“Working with other community publishers is great. We help each other,” Coppola says. “And being from this community also helps.”
Still, the work is challenging and he faces the same situations as all other community newspaper publishers, such as fending off folks who want their names left out of the paper for traffic offenses. He leaves most of the writing to his journalism staff but pounds out one editorial a week and occasionally covers the town council, county commissioners or school board.
“We are a mainstream newspaper. We do a lot of government reporting and lots of business reporting,” he says. “We cover the cop shop and drug smuggling too. Smuggling is an old story, but we still cover it.”
The newspaper was founded in 1925. Its circulation is 4,200, sold mostly through news racks, with 18 percent delivered through the U.S. Postal Service, Coppola noted.
His newspaper has embraced the Internet and social media, although he is realizing little revenue.
A paywall protects most of the online content, but viewers can access a few free pages before being subjected to an online subscription rate of $5 a week of online access, $16 for six months or $35 for a year. Online access is value added to print subscriptions.
“Our ad reps use social media to keep up with local businesses,” Coppola says. “We are on board with Facebook and Twitter, and we post stories and send tweets. The Internet helps us reach a larger audience.”
Indeed, readership is increasing, with Google searches driving a wide range of readers to stories on the Nogales International’s website. Coppola doesn’t even know most of these readers. Others are former residents who have moved away and are still interested in their hometown.
Coppola also takes an active role in the fight to maintain newspapers’ hold on public notices.
He is proud of the aggregate public notice site the Arizona Newspaper Association has had in place since 1998.
Coppola and his newspaper have a lot at stake, deriving 25 percent of its budget from public notices. He also relies on public notices for editorial content.
“We run stories on trustee sales and property seizures, which are advertised through public notices,” he says.
The Nogales community is home to a variety of law enforcement agencies: U.S. Customs; border patrol; FBI; state police; local police and the county sheriff’s department.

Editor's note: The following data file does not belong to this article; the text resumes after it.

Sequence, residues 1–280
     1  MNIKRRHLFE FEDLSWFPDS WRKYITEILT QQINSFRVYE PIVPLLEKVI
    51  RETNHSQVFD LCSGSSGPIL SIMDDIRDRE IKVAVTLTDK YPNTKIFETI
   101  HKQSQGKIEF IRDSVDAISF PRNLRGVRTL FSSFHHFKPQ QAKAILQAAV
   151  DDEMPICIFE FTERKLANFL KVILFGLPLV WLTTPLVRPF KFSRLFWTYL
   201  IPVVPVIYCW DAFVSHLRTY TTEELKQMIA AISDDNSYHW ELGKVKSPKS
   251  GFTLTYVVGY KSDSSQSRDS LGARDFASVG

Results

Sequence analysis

“They seize a lot of property,” Coppola says.
And that makes for a healthy lineup of public notices.
Every year, the fight to hold onto public notice advertising gets harder; business gets more competitive, and serving the community becomes increasingly complicated.
But Coppola has no intention of backing down.
“I’ve been back at the newspaper for 18 years, and it’s getting rough on this 51-year old body,” he admits. “Transitioning out is a scary thought. What would I do?”
He plans to work for the rest of his life. There’s nothing he’d rather be doing than what he is doing now.
He admits his crystal ball vision is cloudy, but through the fog, he can see that the Internet will continue to play a big role in his business model.
Meanwhile, he will do the best he can to provide hard-hitting coverage of local politics, general news, immigration, and border issues.
And he will continue to deliver the message that Nogales, just like towns everywhere, is a fun, safe, livable community.
Newspaper Name: Nogales International
Publisher: Manuel Coppola
When do you publish and what is your circulation? Tuesdays and Fridays. 4,200 circulation.
How many people are on your staff? 15.
What is the most rewarding aspect of being publisher of a community newspaper? It’s my community. I was born here. It keeps my finger on the pulse of what is going on with my neighbors. It gives me a chance to play up their successes.
What are some of your top goals for the year? Turn up the dial on our hard-hitting coverage of local politics, immigration and border issues, while increasing our advertising base to allow for a larger news hole and better serve the community.
What makes you most proud of your newspaper? We are not afraid to tackle the hard issues no matter how uncomfortable it gets for anyone involved. I like that the regional/metro media comes in and follows our lead on much of our content.
What is your newspaper’s most distinguishing characteristic? We cover news on both sides of the U.S.-Mexico border as it pertains to our readership.
What are your newspaper’s biggest challenges? The economy and having to do more with less.
How do you view your newspaper’s role in your community? As a watchdog.
What do you love to hear from readers? “I didn’t receive my newspaper this morning. Can you send one out?”
What do you hate to hear from readers? “Cancel my subscription.”
What is one thing you’d never change? The focus of the newspaper—to provide local news, sports and information, good and bad versus becoming a “newsletter” or toady for the power structure.